Week 8: Mindfulness of the Body


According to Joseph Goldstein, the Buddha repeatedly spoke of the benefits of using the body (breathing, postures, activities, and physical characteristics) as an object of contemplation.  He stated that mindfulness of breathing was the basis of the Buddha’s own awakening and can also be the basis for our own.

(Link to this week's talk by Joseph is here)

We always have the ability to focus on some aspect of our body such as our breathing, posture or bodily movement.  Just noticing as we move from one posture to the next throughout the day helps strengthen the continuity of our awareness.  This is not complicated.  We don’t need to be in some heightened state of concentration.  Sit and know you’re sitting; walk and know you’re walking; stand and know you’re standing.

Mindfulness of the body is the simplest way to overcome unwholesome mind states. When we pay close attention, we see that almost all movements are an attempt to alleviate some kind of pain or discomfort.  Mindfulness of the body can facilitate the understanding that the body is “not mine.”  This helps free the mind from desire and grasping.  We can then let go of the identification with the physical elements of the body or the mind knowing them. In this way, mindfulness of the body can lead to the realization of the selfless nature of all phenomena and guide the way to full awakening.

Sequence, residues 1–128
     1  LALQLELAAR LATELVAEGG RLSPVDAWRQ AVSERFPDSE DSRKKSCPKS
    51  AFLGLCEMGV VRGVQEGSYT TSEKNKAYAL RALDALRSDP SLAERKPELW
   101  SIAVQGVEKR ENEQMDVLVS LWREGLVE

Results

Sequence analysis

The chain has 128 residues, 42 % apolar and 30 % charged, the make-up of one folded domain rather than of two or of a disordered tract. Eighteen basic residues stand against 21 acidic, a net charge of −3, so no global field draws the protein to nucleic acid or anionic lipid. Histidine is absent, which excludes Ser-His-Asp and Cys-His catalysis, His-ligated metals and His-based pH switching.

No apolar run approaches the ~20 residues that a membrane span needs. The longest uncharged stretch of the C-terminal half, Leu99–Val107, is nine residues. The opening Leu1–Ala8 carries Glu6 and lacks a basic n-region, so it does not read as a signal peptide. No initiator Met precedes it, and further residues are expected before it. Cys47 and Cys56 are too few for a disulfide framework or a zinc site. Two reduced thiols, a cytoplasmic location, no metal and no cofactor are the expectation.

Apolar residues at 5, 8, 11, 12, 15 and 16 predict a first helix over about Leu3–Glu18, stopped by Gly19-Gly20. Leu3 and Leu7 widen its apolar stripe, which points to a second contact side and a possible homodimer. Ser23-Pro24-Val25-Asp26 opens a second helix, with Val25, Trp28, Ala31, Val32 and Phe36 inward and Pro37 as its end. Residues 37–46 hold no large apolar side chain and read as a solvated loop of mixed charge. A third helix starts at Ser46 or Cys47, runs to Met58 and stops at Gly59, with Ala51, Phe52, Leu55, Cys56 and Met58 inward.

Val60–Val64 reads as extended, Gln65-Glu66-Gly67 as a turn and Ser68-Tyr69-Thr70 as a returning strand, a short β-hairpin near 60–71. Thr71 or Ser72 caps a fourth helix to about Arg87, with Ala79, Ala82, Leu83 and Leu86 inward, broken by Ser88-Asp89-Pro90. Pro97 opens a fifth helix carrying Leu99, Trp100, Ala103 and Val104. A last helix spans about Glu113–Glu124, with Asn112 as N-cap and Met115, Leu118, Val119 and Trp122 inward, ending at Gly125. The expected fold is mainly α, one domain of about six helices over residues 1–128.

1.     How has mindfulness of the body (breathing, postures, activities, and physical characteristics) been your best friend?  How has it been troublesome for you?

2.     What does it mean to you to establish mindfulness in front?  Of the whole body?

3.     How do you know when it is appropriate for you to make more effort or less effort e.g. focused, concentrated attention or open, receptive awareness?

4.     What are some of your thoughts regarding mindfulness of the body leading to the realization of the selfless nature of all phenomena?


1.     Focus on your breathing.  Simply notice how it is.  If it’s long, know it is long.  If it’s short, know it is short.  Experience the entire flow of the breath.  Notice the changing nature of the sensations of breathing.  This is not a breathing exercise, but a practice in mindfulness.  Any kind of breath will do.  The idea here is not to control the breath in any way, but simply to notice how it is.

2.     At night before you go to sleep watch your breath.  See if you go to sleep on an in breath or an out breath.

3.     Vow period.  Take the vow not to move for some period of time.

4.     Body Scan meditation.  You can access a 45-minute guided body scan meditation at the following link to the UCSD Center for Mindfulness: http://health.ucsd.edu/av/mindfulness/01%2045%20Min%20Body%20Scan%2007.mp3